How would you measure the health of the overall economy? Take a second, think about it. All right, read on! It turns out that the Pew Charitable Trust has wondered the same thing. When their researchers surveyed people as to what influenced their views of the economy, they found that wages and the availability of jobs were among the most mentioned. Shocking? Hardly. After all, the vast majority of Americans get the vast majority of their income from the labor market. But, if you follow the recent correlation between labor market reports and the stock market, you’d be forgiven for thinking that a solid labor market is actually an economy killer. What’s going on?
The answer has to do with another thing that people mention when they talk about the economy — prices. As I’ve discussed before, the Federal Reserve’s fight against inflation involves a fight against labor markets. And, when it looks like The Fed is losing that fight — i.e., when the job market looks too good — the stock market gets spooked. Let’s start by talking about the current state of labor markets, then turn to some recent correlations between labor markets and stocks. And I’ll close with a bit of a look ahead. Get pumped for some info!
How’s that Labor Market Looking?
The September 2022 Employment Situation Summary, released October 7th, was pretty darn good. For example, the unemployment rate fell to 3.5 percent. That’s exactly where the rate sat in February 2020, prior to the start of the COVID-19 pandemic.
And, other measures of labor market performance look pretty strong too. The number of people filing new unemployment claims — a measure indicating new layoffs — also remains low relative to pre-pandemic averages. So people aren’t losing their jobs. Quite the opposite in fact — employers want workers and can’t find them.
Don’t believe me? Just look at the Bureau of Labor Statistics Job Opening and Labor Turnover Survey, or JOLTS (what a cool abbreviation for a dataset!). The data show that the job opening rate is still at a multi-decade high. So is the quit rate. So, employers are still looking for workers, and workers still feel confident quitting their jobs to find something else.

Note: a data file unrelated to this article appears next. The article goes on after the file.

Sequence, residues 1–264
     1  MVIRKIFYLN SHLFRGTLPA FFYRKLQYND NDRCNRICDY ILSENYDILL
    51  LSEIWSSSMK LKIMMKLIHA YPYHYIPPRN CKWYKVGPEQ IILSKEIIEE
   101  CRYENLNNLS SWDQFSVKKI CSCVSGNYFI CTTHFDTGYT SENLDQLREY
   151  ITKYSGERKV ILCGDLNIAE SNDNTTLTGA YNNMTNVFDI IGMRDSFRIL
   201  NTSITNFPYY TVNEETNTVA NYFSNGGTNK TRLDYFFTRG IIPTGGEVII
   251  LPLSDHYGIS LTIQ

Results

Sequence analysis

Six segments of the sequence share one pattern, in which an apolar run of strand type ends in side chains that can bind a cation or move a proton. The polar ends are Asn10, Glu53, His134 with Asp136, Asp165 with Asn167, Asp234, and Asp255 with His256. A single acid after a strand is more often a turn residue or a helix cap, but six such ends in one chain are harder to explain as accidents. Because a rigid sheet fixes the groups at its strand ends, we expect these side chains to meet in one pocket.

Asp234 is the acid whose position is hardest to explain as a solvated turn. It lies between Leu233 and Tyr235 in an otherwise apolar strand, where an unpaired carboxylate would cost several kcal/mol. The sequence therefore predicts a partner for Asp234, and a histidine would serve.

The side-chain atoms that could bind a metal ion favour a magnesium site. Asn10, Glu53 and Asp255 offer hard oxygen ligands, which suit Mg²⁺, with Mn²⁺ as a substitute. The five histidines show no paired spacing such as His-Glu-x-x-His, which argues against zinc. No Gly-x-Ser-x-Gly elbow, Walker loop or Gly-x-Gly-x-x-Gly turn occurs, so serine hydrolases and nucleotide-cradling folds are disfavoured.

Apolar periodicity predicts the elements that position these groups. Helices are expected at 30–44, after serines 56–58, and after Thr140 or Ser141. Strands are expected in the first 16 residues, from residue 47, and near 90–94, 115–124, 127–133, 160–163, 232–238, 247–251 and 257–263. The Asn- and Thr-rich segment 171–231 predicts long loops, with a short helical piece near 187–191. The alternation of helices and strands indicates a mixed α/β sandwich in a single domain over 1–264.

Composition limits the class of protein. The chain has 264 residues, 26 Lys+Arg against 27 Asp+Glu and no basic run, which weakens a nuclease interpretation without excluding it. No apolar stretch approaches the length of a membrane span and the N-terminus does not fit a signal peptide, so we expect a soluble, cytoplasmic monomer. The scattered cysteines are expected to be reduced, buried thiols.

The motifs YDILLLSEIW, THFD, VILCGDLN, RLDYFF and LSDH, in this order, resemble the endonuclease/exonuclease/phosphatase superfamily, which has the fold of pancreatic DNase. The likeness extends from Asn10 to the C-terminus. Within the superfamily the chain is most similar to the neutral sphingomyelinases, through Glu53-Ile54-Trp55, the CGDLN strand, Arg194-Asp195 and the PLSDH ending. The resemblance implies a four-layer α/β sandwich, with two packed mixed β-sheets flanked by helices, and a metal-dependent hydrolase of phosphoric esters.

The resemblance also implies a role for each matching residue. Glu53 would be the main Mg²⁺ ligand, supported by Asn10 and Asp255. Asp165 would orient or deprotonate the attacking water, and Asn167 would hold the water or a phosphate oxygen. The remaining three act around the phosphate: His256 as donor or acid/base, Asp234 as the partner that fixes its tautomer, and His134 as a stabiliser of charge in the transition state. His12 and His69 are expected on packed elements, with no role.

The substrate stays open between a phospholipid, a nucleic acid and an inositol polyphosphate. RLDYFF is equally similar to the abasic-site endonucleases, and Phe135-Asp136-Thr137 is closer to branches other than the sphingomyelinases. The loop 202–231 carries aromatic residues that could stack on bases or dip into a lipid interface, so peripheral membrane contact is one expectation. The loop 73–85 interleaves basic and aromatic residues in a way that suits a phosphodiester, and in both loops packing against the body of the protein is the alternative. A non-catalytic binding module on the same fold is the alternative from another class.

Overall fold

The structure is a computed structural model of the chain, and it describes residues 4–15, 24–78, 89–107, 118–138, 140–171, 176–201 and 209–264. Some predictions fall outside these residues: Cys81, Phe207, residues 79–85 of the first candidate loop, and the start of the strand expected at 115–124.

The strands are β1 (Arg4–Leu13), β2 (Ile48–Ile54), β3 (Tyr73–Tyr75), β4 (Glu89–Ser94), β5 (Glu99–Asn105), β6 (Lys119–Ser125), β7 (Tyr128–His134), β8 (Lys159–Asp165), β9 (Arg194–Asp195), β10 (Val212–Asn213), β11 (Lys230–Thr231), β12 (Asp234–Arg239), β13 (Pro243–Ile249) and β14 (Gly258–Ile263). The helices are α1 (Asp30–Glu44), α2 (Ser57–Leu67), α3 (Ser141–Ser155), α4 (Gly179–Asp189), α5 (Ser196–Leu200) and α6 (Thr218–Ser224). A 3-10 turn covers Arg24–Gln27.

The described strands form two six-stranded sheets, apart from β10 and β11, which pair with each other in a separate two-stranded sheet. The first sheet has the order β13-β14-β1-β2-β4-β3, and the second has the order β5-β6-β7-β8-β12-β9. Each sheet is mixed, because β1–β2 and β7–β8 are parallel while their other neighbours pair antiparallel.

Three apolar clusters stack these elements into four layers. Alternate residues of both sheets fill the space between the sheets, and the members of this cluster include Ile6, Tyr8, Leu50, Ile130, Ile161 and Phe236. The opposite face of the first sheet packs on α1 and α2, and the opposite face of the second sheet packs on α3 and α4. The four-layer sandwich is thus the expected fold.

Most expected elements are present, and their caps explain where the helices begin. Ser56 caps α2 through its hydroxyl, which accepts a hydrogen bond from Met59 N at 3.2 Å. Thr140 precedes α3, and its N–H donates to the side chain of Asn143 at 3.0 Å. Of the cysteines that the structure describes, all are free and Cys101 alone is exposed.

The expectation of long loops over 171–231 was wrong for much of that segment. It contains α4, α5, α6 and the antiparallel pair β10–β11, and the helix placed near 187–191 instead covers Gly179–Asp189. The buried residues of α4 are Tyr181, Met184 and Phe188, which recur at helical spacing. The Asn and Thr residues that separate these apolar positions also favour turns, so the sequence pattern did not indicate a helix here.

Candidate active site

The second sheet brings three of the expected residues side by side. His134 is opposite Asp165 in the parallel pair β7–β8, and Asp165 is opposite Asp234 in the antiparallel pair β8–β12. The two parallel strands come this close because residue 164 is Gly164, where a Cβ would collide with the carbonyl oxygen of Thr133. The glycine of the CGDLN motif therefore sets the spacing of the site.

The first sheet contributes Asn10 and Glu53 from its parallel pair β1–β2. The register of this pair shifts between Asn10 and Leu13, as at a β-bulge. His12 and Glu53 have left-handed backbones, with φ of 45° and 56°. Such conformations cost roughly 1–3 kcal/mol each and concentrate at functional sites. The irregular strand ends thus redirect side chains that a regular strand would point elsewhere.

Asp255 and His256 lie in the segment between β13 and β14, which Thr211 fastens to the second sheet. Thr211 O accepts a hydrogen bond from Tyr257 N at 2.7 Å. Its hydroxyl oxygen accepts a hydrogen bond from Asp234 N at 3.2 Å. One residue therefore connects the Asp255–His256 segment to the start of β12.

Figure 1. Job Opening and Quit Rates, 2001 – 2022
The take away from Figure 1 is that the labor market is still hot. Which is odd. Because the stock market sure as heck isn’t.
How’s that Stock Market Looking?
As good as the labor market looks, the stock market looks about that bad. On January 1st, 2022, the S & P 500 — an index often used as a benchmark for the stock market — sat at about 4,800 points. On Friday October 14th, it closed at about 3,600 points. If you are doing the math, that’s about a 25 percent drop. Yet, that drop has occurred at the same time that the unemployment rate — an index often used as a benchmark for the labor market — improved from 3.9 percent to 3.5 percent. So, the stock market has moved in the opposite direction from the labor market.
The reason for this inverted relationship has to do with the biggest headwind for the economy at this time — inflation. The Federal Reserve is in full inflation fighting mode, and the Fed’s primary tool in this respect is to keep interest rates high. High interest rates make it hard for consumers and companies to borrow money. If consumers and companies can’t borrow money, that should lower demand for a variety of products, ultimately bringing prices back under control. A key signal of successful economy “cooling” would be faltering labor markets.
So, when labor markets look good, it sends a signal to investors that this Fed policy might need to continue. Which is how you end up with headlines like: “Stocks tumble … as [f]resh data showing continued strength in the labor market solidified investors’ expectations that the Federal Reserve will need to keep acting aggressively to cool the economy.” And, it’s how you get a stock market drop of 2.9 percent — the 12th worse day of stock returns this year — on October 7th, a day when the jobs report was pretty darn solid.
The question on everyone’s mind is what happens going forward. Will the Fed’s goal of fighting inflation succeed? And, will that success come at the expense of the labor market?
In the past, that relationship — lowering inflation requires higher unemployment — was the norm. In any entry-level Macroeconomics course, students learn about the “Phillips Curve.” The Phillips curve plots the relationship between unemployment on the x-axis and inflation on the y-axis. Historically, this curve has been downward sloping; as unemployment increases inflation decreases. Hence, a good labor market report causes worry that inflation continues, and stocks fall on the fear that The Fed keeps raising interest rates.
But, it’s also worth noting that this relationship is more of a historical legacy than a current fact — the original curve was first written about in the 1950s. Through the 1960s, that downward slope held. But, more recently the curve has been flatter, giving some hope that maybe lowering inflation doesn’t absolutely need to spike unemployment.
Adding to that hope is the job opening rate from the figure above. If you squint, you can see the opening rate falling recently. That gives me hope that the Fed can cool the labor market by killing off those extra job openings, without killing off the jobs that people already have. We will see what the future holds. But for now, in the fight of labor market versus stock market, the labor market seems to be winning.